Devaluation of the Renminbi, limiting export or more straining of capital flight are some options China’s government has to deal with its financial dilemma caused by the trade war, but – warns financial expert Victor Shih – all might also cause setbacks, he tells Reuters.
Meanwhile, the famed trade surplus the export powerhouse ran with the rest of the world has been shrinking.
Victor Shih, an associate professor of political economy at the University of California, San Diego, says currency devaluation could be an attractive option for China to offset the impact of the trade war.
But he warned the tactic had limits, as it “could create a panic on the renminbi which becomes difficult to control”…
Shih estimates that even a modest 20 percent reduction in exports to the United States could cause the monthly trade surplus to drop by $8 billion to $10 billion, nearly a third of the average. In addition, a reduction in foreign direct investment, which brought $136 billion into China last year, would also reduce forex inflows substantially, he added…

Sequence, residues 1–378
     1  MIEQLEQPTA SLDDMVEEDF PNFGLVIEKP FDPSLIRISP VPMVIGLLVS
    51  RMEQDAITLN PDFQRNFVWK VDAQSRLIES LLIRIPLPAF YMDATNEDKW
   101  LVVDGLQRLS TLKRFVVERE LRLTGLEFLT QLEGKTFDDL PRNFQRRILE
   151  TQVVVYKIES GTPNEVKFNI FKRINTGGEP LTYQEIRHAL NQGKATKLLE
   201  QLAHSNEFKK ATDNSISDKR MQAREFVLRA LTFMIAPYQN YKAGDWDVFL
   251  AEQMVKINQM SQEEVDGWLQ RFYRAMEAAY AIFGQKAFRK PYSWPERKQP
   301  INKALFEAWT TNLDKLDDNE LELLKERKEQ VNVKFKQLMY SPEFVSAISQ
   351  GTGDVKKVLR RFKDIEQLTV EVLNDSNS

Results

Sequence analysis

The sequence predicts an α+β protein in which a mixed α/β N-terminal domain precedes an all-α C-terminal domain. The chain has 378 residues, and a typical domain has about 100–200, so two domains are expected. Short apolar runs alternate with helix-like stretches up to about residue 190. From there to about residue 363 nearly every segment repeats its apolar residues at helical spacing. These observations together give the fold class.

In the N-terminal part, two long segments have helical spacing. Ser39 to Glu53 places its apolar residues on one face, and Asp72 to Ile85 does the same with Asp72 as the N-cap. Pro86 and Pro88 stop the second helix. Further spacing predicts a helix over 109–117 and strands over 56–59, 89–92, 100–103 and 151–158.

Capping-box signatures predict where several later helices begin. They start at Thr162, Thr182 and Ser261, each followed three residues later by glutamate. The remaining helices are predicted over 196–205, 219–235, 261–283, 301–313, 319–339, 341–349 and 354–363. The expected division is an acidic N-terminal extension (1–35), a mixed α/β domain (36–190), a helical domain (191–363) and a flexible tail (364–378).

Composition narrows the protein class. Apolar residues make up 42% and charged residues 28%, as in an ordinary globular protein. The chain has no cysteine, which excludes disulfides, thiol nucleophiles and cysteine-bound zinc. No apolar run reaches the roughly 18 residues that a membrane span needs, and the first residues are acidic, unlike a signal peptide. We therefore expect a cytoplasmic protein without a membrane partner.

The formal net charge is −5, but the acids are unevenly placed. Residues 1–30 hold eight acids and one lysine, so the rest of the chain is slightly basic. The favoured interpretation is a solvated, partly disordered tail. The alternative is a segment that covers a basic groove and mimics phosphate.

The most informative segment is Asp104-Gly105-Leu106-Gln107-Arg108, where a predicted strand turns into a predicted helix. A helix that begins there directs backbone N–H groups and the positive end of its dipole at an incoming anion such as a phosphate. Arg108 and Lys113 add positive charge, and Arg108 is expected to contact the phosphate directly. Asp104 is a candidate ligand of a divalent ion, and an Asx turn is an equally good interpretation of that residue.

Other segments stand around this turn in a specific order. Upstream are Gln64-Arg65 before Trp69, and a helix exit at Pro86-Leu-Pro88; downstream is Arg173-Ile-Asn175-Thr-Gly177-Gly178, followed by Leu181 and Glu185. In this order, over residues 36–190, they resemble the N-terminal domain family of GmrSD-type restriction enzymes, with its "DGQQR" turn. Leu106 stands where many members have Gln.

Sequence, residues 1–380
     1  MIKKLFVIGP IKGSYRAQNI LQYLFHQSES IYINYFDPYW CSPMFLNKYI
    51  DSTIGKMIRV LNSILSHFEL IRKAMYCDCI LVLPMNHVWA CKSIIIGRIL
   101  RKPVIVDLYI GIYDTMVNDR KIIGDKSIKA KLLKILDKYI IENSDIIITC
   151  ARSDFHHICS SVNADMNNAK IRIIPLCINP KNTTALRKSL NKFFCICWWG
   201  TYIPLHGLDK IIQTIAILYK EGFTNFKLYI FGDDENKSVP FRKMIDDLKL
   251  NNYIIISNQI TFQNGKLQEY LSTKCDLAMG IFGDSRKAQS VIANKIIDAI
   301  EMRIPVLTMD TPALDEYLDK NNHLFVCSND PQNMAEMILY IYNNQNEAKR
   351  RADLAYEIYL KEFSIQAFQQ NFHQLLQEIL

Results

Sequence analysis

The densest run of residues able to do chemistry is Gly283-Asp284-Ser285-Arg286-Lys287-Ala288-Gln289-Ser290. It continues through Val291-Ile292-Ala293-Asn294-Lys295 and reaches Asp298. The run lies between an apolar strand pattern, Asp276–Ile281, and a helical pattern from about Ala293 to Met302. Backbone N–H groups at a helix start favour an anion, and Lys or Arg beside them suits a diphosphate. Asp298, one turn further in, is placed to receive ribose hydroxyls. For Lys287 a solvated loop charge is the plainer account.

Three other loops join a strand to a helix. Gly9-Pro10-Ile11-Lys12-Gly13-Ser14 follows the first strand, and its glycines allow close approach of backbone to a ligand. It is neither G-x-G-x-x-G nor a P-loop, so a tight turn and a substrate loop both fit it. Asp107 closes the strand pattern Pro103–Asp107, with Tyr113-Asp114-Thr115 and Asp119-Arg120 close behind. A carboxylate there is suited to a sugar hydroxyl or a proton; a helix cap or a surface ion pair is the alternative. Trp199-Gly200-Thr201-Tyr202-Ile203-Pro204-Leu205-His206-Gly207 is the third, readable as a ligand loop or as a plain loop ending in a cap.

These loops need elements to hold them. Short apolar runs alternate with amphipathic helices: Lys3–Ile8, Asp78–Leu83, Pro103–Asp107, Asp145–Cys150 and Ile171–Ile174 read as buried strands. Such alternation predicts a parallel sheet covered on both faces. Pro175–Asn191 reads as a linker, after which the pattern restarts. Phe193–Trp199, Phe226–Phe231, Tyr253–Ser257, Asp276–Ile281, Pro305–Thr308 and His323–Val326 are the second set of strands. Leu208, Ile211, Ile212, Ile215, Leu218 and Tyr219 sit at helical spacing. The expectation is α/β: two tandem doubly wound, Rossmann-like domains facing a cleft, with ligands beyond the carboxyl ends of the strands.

Shih said existing capital controls were very stringent.
“Even the billionaire class faces tight restrictions in terms of where they can invest money,” he said. “However, there are still ways, and it is likely that corruption is returning, which will undermine Chinese capital control measures.”
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